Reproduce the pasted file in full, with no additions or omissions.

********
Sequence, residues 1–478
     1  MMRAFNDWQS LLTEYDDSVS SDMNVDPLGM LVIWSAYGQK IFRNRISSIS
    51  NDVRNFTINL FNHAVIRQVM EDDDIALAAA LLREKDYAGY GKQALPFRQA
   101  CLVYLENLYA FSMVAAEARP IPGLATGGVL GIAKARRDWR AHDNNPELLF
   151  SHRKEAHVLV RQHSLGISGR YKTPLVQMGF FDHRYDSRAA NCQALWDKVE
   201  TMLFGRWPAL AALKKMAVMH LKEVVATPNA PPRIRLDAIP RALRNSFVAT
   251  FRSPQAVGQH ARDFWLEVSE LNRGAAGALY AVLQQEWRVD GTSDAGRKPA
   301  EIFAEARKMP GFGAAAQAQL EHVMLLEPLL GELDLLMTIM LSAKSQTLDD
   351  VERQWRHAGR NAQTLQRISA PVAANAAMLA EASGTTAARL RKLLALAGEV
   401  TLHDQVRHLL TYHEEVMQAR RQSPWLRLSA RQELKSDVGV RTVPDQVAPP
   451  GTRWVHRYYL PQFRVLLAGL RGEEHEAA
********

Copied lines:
Sequence, residues 1–478
     1  MMRAFNDWQS LLTEYDDSVS SDMNVDPLGM LVIWSAYGQK IFRNRISSIS
    51  NDVRNFTINL FNHAVIRQVM EDDDIALAAA LLREKDYAGY GKQALPFRQA
   101  CLVYLENLYA FSMVAAEARP IPGLATGGVL GIAKARRDWR AHDNNPELLF
   151  SHRKEAHVLV RQHSLGISGR YKTPLVQMGF FDHRYDSRAA NCQALWDKVE
   201  TMLFGRWPAL AALKKMAVMH LKEVVATPNA PPRIRLDAIP RALRNSFVAT
   251  FRSPQAVGQH ARDFWLEVSE LNRGAAGALY AVLQQEWRVD GTSDAGRKPA
   301  EIFAEARKMP GFGAAAQAQL EHVMLLEPLL GELDLLMTIM LSAKSQTLDD
   351  VERQWRHAGR NAQTLQRISA PVAANAAMLA EASGTTAARL RKLLALAGEV
   401  TLHDQVRHLL TYHEEVMQAR RQSPWLRLSA RQELKSDVGV RTVPDQVAPP
   451  GTRWVHRYYL PQFRVLLAGL RGEEHEAA